To verify the VSS state, just open a command prompt and type vssadmin list writers. The output will be a list of all the VSS writers present in the operating system and their state. If the state is 1 (stable) or 5 (waiting for completion), everything is normal.

The DPM agent logs

If you don't find anything wrong with the VSS, free disk space, or local windows logs, you should look into the DPM agent's logs if you got an indication that the error resides on the production server. The logfiles reside in the C:\%ProgramFiles%\Microsoft Data Protection Manager\DPM\Temp catalog. The logfiles will log all the processes that are used within the communication between DPM server and DPM agents. On the DPM agent side, the logfiles you will find are as follows:

  • AgentBootstrapperCurr

  • DPMACCurr

  • DPMRACurr

The DPM server logs

On the DPM server side, the logfiles reside in the %ProgramFiles%\Microsoft DPM\DPM\Temp catalog. The logfiles are as follows:

  • AgentBootstrapperCurr

  • AMServiceActivityCurr

  • AMServiceAudit

  • DPMAccessManagerCurr

  • DpmBackupCurr

  • DPMCLI0Curr

  • DPMCLI9Curr

  • DPMRACurr

  • DPMRoleConfiguration0Curr

  • DPMUI0Curr

  • DpmWriterCurr

  • LAAgentCurr

  • MSDPMCurr

These logfiles are very detailed and describe everything that goes on with the DPM server in readable form. Microsoft uses these files to track errors with DPM installations. The logfile that you can initially look into is the DPMRACurr logfile on both the DPM agent and DPM server side. This logfile logs all the processes for the remote agent and, if the DPMRA service has encountered an error, it will be stated in the logfiles as WARNINGFailed or Error.

 

Upgrading scenarios


When you are facing an upgrade scenario there are some things you must be aware of. Always have a local dump of the DPM database DPMDB. This is achieved by using the cmdlet DPMBACKUP.EXE. If anything goes wrong with the upgrade, you can always restore your DPM server using the previously dumped DPM database.

The upgrade of DPM is very easy. You can upgrade from DPM 2010 to DPM 2012 just by running the installation process initiated from the DPM media and following the wizard.

You cannot upgrade from DPM 2006 or DPM 2007 to DPM 2012. If you would like to benefit from the new features of DPM 2012 you should create a co-existence environment of DPM 2007 and DPM 2012.

 

Summary


In this chapter we looked at DPM and its architecture. We covered the important key features and underlying technologies in the operating system such as VSS, change journal, DPMDB, and file filter, among others. Additionally, we covered the new GUI and looked at some of its new key features.

In the next chapter, we will cover backup strategies and how to design them for use in the real world.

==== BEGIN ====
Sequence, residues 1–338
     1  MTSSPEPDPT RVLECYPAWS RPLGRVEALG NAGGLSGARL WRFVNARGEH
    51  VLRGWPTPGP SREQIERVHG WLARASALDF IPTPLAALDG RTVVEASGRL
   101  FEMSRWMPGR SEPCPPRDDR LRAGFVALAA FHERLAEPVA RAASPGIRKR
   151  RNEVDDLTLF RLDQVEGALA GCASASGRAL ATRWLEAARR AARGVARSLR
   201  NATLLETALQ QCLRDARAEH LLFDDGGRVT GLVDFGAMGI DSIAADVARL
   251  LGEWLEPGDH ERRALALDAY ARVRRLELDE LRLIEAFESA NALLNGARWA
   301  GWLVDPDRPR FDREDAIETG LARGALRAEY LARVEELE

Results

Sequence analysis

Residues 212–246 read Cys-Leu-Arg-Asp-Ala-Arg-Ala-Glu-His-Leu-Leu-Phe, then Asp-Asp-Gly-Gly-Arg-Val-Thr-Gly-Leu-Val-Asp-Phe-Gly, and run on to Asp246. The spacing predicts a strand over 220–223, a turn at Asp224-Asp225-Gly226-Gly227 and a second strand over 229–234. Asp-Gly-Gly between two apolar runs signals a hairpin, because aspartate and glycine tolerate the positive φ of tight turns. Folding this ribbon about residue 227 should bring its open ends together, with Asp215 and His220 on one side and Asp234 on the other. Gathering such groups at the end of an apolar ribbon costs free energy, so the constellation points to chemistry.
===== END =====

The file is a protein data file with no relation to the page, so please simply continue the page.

About the Authors

  • Steve Buchanan (MVP)

    Steve Buchanan (MVP), MCSE, ITIL, is a regional solutions director with Concurrency, a five-time Microsoft Cloud and Data Center MVP, and author of several technical books focused on the System Center platform. Steve has been an IT Professional for 17+ years in various positions, ranging from infrastructure architect to IT manager. Steve is focused on digitally transforming IT departments through service management, systems management, and cloud technologies.

    Steve has authored the following books:

    • System Center 2012 Service Manager Unleashed, Sams Publishing
    • Microsoft System Center Data Protection Manager 2012 SP1, Packt
    • Microsoft Data Protection Manager 2010, Packt

    Steve holds the following certifications: A +, Linux +, MCSA, MCITP: Server Administrator, MCSE: Private Cloud, and ITIL 2011 Foundation.

    Steve stays active in the System Center community and enjoys blogging about his adventures in the world of IT at www.buchatech.com.

    Browse publications by this author
  • Islam Gomaa

    Islam Gomaa is a System Architect at Kivuto Solutions Inc, the global leader in complex digital distribution solutions. Islam has over 15 years of expertise in helping organizations align their business goals using Microsoft technology and deploying Microsoft-based solutions, which helped Kivuto become ISO 27001 certified and achieve the Microsoft Gold competency as an ISV. Islam is an SCDM MVP and member of the Windows Springboard Technical Expert Panel (STEP) for Windows 8 and Server 2012, having delivered STEP presentations as an evangelist across Canada and the USA. He has also authored select advanced webcasts on Microsoft private cloud. Islam presented at both TechEd 2013 North America and Europe, and is welcomed each year to present for TechEd and MMS as a guest speaker. Islam has a Bachelor’s in computer science from Montreal University, holds several Microsoft technical designations, and is an active member of the IT community. Islam enjoys sharing his adventures and ideas about system administration through his blog at http://blog.islamgomaa.com and http://www.IslamGomaa.com.

    Browse publications by this author
  • Robert Hedblom

    Robert Hedblom has a well-known System Center and cloud MVP profile. He is often seen as a presenter or speaker at large global events, such as TechEd, Ignite, System Center, and Azure gatherings. Within his line of work at Lumagate, he delivers scenario-based solutions in complex environments, empowering the Cloud OS strategy from Microsoft.

    Backup, restore, and disaster recovery have always been a part of Robert's work, and now, he is trying to make a point that it is not about the implementation of different products that matters anymore, it's all about building cost-effective, optimal, and well-designed services.

    "All good designs come from knowing your data services' dependencies" is what Robert believes in.

    Robert was a coauthor on Microsoft System Center Data Protection Manager 2012 SP1, Packt Publishing, and has also written other books and given training. His expertise is often utilized by Microsoft's MCS and PFE organizations in Europe, and he is an elected member of the development process of the System Center stack and Azure at Microsoft Redmond.

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  • Flemming Riis

    Flemming Riis is an infrastructure consultant at Kompetera with a focus on System Center. He has been working there since 1997 in various roles, starting with repairing PCs and then presales support. He is now a consultant who started with management software, then became Operations Manager, and hasn't looked back since. Flemming is a Microsoft System Center MVP and holds the following certifications: MCP, MCTS, MCSA, and MCITP. Flemming can be found blogging at www.flemmingriis.com.